I have no problem with food pantries, soup kitchens, rescue missions, medical centers, or the like. I think they are things we should do, probably more often than we do. I think we should have great concern for hurting and hopeless people. But let’s not blame that on Jesus. Jesus did none of those things in the way that people are saying we should do them.

I think this is one place (among others) where the missional idea goes off track. It assumes (wrongly) that we are to follow the ministry pattern of Jesus in social issues. But the NT simply does not bear that out. Jesus gave no command for it. The epistles give no command for it. There’s little NT evidence for the church’s widespread pursuit of social justice in society. The emphasis is on preaching Jesus, calling people to repent and believe, and then go and live like they repented and believed. There was no call (and no apparent attempt) to reform social structures and eliminate social ills. It simply isn’t there.

We need to go back and realize that the reason for the kingdom postponement (however your particular eschatology might shade that) is not because there was a failure of social justice in first century Palestine. It wasn’t because there weren’t enough blog sites raising money to buy mosquito nets or build schools, or enough people raking their neighbor’s leaves and picking up trash on the street in order to be like Jesus.

The postponement of the kingdom in the gospels is because of the lack of belief and repentance in the Messiah. That is why Jesus said, “This kingdom will be taken away from you and given to a people producing the fruit of it” (Matthew 21:43).

So my caution to us all is to be wary of pretending that social justice pursuits are the extension of the kingdom. They aren’t. We should pursue social justice. We should not think that it is kingdom work in this age.

Listen, I am not in favor of social injustice. I don’t want there to be poor and hungry people, racism, sickness, and mosquito-driven malaria. I just don’t see that Jesus came to save us from that.

We should be interested in the communities that we live in because, among other reasons, we have to live in them. Personally, I like it when my street is filled with decent people who treat others with respect, help others in need, watch out for each others houses and properties. I like it when medical help is readily available, when poor people can get food assistance in times of legitimate need, and when race barriers are being broken down.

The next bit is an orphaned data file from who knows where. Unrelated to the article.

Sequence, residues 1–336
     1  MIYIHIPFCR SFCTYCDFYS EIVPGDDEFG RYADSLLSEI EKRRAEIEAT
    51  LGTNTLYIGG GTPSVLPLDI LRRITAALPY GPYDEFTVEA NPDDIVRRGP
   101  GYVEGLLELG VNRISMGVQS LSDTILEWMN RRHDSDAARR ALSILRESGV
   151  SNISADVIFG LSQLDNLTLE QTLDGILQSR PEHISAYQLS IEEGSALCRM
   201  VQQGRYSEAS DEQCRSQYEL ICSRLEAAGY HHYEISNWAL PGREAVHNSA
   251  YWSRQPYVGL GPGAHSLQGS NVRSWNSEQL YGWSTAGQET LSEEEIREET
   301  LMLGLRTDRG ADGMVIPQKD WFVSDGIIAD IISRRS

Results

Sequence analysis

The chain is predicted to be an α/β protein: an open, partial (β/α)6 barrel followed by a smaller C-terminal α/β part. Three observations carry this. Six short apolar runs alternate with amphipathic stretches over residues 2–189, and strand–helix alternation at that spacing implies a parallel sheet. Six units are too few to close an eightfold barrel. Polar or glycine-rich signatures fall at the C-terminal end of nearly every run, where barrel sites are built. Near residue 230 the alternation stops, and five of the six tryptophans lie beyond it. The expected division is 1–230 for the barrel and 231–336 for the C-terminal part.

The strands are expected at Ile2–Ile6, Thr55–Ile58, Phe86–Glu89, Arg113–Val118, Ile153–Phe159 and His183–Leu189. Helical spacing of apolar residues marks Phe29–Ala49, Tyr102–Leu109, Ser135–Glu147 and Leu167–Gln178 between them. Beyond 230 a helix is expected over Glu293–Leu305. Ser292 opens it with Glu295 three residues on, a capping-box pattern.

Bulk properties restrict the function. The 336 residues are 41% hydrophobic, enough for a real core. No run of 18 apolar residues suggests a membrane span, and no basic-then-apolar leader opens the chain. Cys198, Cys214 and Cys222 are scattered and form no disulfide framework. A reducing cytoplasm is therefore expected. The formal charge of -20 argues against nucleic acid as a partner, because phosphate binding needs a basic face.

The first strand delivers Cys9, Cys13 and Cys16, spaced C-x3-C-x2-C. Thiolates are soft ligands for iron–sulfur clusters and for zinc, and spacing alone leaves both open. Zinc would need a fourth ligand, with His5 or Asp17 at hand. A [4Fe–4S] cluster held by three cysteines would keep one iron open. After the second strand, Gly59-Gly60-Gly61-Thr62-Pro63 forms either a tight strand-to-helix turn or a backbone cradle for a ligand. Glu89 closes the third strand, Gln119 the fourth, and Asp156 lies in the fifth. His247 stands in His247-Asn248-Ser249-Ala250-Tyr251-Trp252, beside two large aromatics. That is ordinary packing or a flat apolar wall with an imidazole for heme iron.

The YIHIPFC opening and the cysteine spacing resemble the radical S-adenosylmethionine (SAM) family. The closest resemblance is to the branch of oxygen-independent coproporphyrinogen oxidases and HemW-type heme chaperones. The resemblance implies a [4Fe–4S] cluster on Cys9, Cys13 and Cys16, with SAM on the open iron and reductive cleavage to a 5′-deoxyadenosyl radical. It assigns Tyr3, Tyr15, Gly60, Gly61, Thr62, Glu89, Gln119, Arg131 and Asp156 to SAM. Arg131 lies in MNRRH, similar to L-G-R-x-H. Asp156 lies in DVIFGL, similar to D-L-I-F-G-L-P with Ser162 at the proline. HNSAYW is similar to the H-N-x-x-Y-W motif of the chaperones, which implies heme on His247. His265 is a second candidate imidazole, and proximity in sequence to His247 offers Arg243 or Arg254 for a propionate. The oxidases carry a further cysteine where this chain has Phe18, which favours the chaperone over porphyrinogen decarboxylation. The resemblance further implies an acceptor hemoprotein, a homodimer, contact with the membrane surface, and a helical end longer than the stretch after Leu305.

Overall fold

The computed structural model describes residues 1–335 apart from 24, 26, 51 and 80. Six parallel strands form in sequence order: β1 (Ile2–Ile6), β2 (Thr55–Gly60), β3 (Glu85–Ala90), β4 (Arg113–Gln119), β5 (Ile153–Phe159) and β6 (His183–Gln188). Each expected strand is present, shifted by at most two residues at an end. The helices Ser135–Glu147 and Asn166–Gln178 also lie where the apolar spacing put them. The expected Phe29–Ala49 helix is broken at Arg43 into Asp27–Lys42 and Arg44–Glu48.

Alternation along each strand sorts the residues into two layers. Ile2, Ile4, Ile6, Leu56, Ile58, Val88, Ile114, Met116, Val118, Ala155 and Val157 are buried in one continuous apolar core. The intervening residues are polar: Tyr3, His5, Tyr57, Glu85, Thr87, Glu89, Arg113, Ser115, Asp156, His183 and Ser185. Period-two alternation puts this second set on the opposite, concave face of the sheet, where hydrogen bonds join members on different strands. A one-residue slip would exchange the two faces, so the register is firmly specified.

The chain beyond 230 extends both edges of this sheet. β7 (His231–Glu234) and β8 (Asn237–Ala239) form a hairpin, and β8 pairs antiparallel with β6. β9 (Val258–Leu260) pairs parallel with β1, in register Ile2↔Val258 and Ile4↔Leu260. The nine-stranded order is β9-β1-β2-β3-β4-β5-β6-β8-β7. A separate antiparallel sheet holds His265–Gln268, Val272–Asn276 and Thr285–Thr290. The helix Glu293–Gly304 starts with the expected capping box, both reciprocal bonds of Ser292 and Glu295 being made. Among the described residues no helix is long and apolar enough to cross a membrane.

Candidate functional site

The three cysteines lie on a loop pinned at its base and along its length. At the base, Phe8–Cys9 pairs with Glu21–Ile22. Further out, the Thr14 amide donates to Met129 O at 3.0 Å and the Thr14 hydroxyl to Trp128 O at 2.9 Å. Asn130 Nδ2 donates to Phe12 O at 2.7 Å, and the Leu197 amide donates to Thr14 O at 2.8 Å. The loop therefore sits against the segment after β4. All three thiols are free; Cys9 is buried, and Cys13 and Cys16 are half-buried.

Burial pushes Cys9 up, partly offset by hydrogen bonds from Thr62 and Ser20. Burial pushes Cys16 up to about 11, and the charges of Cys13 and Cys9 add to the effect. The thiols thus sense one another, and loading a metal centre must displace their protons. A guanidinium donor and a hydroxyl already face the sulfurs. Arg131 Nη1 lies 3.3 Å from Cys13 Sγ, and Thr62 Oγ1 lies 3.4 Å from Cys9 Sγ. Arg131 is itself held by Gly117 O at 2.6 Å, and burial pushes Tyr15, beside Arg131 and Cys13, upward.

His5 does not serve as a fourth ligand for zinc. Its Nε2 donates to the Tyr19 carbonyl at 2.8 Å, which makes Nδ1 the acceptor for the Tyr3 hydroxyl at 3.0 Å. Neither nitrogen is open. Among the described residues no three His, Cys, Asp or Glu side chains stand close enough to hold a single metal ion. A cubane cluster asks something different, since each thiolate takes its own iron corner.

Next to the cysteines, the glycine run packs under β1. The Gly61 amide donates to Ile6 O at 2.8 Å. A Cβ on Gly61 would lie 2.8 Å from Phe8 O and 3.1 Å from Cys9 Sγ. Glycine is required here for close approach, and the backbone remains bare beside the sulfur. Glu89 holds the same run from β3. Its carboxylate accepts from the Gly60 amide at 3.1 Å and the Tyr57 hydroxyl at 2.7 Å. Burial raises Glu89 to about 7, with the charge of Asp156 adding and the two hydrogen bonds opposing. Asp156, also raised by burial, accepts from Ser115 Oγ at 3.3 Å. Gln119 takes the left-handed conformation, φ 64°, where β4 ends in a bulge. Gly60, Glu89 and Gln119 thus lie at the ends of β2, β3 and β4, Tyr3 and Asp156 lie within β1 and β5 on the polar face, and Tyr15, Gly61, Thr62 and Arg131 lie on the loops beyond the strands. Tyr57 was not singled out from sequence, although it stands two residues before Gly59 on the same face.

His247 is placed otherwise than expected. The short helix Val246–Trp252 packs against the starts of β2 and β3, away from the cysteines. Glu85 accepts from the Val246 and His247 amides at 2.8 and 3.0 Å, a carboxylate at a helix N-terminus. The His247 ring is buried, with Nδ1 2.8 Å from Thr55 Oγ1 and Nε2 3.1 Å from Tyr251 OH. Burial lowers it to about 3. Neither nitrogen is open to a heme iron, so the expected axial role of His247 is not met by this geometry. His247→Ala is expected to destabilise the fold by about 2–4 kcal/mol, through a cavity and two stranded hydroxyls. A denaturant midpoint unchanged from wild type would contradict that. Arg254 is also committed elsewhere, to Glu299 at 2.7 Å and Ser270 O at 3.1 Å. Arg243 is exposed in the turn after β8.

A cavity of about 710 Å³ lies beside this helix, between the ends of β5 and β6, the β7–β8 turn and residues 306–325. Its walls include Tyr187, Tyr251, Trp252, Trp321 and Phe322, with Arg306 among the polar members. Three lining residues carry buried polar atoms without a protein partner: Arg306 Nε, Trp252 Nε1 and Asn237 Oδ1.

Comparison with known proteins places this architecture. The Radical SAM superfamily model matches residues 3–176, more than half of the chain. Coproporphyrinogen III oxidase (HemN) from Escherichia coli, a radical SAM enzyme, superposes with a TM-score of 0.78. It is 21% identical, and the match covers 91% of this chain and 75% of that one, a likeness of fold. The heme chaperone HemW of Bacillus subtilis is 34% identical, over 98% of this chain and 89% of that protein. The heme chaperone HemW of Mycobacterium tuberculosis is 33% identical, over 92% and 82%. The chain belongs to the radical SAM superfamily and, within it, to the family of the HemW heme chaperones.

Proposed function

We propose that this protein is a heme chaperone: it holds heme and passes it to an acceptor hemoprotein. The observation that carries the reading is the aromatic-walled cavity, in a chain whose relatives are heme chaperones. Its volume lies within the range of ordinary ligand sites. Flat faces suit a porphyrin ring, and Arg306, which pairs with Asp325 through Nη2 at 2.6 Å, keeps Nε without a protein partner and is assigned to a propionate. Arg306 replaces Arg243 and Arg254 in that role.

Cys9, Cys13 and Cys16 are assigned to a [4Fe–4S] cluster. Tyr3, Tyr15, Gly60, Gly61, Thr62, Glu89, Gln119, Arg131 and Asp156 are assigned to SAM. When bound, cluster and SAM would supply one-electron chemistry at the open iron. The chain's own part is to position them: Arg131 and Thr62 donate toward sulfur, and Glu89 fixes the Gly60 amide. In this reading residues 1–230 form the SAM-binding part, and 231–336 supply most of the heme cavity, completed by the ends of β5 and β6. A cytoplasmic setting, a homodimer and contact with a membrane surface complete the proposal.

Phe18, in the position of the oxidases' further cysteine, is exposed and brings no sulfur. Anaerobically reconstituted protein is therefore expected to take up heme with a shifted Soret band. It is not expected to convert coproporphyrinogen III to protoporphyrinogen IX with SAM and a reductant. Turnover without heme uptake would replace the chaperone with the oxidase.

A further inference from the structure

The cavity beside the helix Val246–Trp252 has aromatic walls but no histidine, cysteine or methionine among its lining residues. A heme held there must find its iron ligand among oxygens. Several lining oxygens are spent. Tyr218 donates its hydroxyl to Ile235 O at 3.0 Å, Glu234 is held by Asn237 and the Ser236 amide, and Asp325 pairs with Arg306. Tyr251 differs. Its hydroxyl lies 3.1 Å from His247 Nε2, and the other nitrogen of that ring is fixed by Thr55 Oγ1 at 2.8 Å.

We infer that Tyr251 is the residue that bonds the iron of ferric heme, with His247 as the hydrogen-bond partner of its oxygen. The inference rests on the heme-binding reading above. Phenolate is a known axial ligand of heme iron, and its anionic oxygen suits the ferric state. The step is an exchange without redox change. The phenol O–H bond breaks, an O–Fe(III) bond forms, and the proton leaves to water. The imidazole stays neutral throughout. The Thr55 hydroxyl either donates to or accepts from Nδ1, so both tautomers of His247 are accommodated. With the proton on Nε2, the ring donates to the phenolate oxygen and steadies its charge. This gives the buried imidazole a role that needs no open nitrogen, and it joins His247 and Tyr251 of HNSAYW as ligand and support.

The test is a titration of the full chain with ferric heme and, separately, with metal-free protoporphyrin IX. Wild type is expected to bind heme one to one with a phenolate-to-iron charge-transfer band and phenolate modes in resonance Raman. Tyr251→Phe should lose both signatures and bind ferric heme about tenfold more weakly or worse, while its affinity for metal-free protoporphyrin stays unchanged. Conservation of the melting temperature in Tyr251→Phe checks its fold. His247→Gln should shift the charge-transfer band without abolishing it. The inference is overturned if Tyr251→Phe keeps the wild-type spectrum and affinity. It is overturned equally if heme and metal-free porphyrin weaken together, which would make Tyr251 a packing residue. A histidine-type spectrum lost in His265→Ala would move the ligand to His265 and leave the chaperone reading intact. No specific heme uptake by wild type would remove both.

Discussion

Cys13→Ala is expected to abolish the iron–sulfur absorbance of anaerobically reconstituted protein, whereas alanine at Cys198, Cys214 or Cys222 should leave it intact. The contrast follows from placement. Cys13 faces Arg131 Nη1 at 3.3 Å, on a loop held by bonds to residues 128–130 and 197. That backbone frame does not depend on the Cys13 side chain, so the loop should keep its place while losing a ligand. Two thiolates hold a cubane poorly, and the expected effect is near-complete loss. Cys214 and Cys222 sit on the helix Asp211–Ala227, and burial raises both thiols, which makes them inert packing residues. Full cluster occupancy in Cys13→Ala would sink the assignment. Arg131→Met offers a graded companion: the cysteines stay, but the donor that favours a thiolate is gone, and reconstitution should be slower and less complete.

I am not against any of these things. I am for them.

But that’s not kingdom work.


Scott Buchanan said...

Hmmm, while you're right that the mosiquto nets don't somehow "extend the kingdom," I think you're being a bit unfair with the biblical case for social justice. If you get a chance, read Keller's new book on justice when it comes out in a month. I've read the first chapter, and if the rest is anything like it, he does a great job of presenting a biblical case.

Larry said...

Thanks Scott.

I am familiar with Keller and have read his first chapter (as well as other stuff he has written on this). I think there are some significant theological problems with it. For instance, notice the scarcity of NT epistolary interaction. He has very little. Why? Because the epistles, written to the church, do not make the case that Keller is trying to make. He has to go to literature written for someone else to make that case. Notice to that the passages he cites for authority are given to a nation, not to individuals, per se, and certainly not to the church. Furthermore, the OT economy in Israel was entirely different than modern day church. I think this OT/NT confusion I think sows the seeds that damage his argument.

However, having said that, I tried to be clear in this post that I am not against social justice in anyway. I think we should work towards social justice, to care for widows, less fortunate, etc without subsidizing very kinds of laziness.

Two caveats I offer:

1. It is not "incarnational," meaning that we are not following in the pattern of Christ when we do this. Christ did something entirely different. His work was not like what is being encouraged today.

2. It is not the mandate of the church corporately. There may be some level of action by the corporate church in carrying this out, but it is not a mandate for the church.

Thanks again for reading. And feel free to clarify for me where you think I am missing the boat here.